The Lombardy Archeological Association, the Camuno Center for Prehistoric Studies, and the Le Orme dell’Uomo Archaeological Cooperative are organizing a talk by Marcos García Diez entitled “Neanderthals – The First Artists of Europe” as part of the events related to the 20th INTERNATIONAL ROCK ART CONGRESS – IFRAO, which will take place from August 29th to September 2nd, 2018 in Darfo Boario Terme, Valcamonica.
Marcos García Diez is an archaeologist and specialist in paleolithic art from the Universidad Isabel I (Burgos, Spain) and author of a recent article published in the prestigious journal Science on the oldest manifestations of wall art on the Iberian peninsula.
Until recently, paleolithic rock art in Europe has been largely associated with Homo sapiens, but Diez’s recent research, published in Science, opens the door to new paleoanthropological interpretations. Diez used Uranium-Thorium (U / Th) dating methods to assess the age of the calcitic encrustations on the red paintings in the caves of La Pasiega (Puente Viesgo), Maltravieso (Caceres) and Ardales or de Trinidad Grund (Ardales). His findings suggest a terminus ante quem of at least 25,000 years older.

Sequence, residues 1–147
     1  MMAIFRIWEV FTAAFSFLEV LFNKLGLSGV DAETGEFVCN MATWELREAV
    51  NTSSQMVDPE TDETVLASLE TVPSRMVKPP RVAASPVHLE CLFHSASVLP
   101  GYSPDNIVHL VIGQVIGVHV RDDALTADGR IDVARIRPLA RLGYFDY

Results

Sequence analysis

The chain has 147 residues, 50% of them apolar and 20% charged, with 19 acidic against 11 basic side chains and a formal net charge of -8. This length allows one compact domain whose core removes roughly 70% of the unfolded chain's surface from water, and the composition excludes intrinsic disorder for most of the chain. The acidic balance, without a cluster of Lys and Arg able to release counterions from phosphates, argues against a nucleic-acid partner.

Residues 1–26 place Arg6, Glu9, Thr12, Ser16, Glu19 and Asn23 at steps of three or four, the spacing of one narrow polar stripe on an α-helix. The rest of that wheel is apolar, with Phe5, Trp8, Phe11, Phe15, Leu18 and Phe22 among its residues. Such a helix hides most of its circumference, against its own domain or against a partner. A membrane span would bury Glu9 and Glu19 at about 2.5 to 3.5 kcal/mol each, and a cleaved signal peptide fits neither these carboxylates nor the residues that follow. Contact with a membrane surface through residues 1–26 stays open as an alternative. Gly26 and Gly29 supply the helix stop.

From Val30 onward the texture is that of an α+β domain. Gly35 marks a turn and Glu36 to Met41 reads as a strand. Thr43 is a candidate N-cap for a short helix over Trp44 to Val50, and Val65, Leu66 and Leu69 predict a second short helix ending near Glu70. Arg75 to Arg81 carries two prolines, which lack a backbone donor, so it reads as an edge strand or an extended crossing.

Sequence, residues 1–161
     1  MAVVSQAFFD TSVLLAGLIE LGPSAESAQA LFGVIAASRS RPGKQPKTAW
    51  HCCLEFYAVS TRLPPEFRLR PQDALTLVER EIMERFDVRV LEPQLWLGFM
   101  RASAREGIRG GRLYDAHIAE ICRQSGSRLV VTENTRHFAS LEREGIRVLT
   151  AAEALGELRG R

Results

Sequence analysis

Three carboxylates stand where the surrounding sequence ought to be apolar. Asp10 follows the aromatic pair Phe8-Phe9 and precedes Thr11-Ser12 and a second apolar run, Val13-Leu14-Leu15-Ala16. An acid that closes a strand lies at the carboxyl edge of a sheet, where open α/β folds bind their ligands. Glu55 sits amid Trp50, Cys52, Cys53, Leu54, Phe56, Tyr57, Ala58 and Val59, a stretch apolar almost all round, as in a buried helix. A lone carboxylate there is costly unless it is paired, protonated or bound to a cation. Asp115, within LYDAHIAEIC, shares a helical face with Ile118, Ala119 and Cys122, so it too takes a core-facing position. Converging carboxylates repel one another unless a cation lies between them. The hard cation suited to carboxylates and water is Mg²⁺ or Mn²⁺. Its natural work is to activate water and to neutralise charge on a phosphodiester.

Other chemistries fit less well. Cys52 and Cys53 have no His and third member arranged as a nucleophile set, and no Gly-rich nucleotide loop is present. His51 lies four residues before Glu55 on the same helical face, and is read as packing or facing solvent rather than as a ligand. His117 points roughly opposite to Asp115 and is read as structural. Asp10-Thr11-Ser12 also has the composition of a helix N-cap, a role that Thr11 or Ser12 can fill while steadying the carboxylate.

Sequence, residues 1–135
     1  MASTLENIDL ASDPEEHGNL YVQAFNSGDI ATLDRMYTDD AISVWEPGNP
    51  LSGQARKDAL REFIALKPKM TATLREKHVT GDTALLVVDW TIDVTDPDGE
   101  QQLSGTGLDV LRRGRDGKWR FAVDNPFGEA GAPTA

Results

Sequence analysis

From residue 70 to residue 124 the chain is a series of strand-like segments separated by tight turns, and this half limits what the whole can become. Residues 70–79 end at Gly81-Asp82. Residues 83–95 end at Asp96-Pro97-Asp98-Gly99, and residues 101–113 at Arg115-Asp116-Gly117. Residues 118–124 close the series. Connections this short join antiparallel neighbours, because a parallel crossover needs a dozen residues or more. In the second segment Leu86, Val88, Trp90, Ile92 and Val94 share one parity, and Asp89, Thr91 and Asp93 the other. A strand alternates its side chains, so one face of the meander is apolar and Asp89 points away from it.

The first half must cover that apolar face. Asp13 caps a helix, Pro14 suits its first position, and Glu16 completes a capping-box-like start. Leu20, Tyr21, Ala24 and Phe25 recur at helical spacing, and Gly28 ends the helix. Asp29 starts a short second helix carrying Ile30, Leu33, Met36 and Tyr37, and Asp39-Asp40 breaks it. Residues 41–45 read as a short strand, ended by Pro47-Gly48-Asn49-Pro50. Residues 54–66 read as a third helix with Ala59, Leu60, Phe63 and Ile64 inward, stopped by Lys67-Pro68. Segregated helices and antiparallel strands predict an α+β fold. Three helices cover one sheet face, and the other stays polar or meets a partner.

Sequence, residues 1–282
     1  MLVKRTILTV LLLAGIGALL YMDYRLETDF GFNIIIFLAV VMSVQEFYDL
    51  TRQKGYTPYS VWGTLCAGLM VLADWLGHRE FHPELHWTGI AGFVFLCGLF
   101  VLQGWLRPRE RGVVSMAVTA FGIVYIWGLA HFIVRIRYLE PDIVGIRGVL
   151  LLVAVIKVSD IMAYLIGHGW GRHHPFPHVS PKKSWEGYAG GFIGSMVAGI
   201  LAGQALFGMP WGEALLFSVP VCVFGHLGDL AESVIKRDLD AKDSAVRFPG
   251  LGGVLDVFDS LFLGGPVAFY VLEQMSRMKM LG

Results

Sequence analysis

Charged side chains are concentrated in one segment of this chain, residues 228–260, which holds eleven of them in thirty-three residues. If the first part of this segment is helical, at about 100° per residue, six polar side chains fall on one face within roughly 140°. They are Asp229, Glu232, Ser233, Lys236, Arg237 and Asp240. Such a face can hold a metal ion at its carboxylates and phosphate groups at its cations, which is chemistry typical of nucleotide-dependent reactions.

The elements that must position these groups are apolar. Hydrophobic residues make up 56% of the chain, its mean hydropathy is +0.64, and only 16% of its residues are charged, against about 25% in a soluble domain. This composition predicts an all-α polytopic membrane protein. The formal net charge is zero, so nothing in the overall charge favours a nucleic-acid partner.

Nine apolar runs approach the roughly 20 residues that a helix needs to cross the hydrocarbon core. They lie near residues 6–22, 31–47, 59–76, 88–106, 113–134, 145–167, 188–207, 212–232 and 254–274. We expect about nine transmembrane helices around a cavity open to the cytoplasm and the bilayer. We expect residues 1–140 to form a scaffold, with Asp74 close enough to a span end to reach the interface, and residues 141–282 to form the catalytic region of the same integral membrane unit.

Who then painted these caves? Using current dating schemes, we would have to say Homo neandertalensis. Diez’s discovery is part of a general revision of our understandings of the cognitive and symbolic capacities of Neanderthals. Recent studies have discovered the use of feathers for decorative purposes in the Fumane cave and of marine shells and mineral pigments in the cueva de los Aviones. There has also been a reconsideration of the dates of the movement of Homo sapiens “out of Africa”. Dating at the Israeli site of Misliya point to an exodus between 177,000 and 194,000 years ago.
The debate is therefore open.
• Gabriella Brusa Zappellini: Lombardy Archeological Association, former university professor of Aesthetics and Art History
• Angelo Eugenio Fossati: L’Orme dell’Uomo Archaeological Cooperative, Catholic University of the Sacred Heart in Milan
• Translation and presentation: Dario Sigari – University of Ferrara, Universitat Rovira I Virgili (Tarragona, Spain)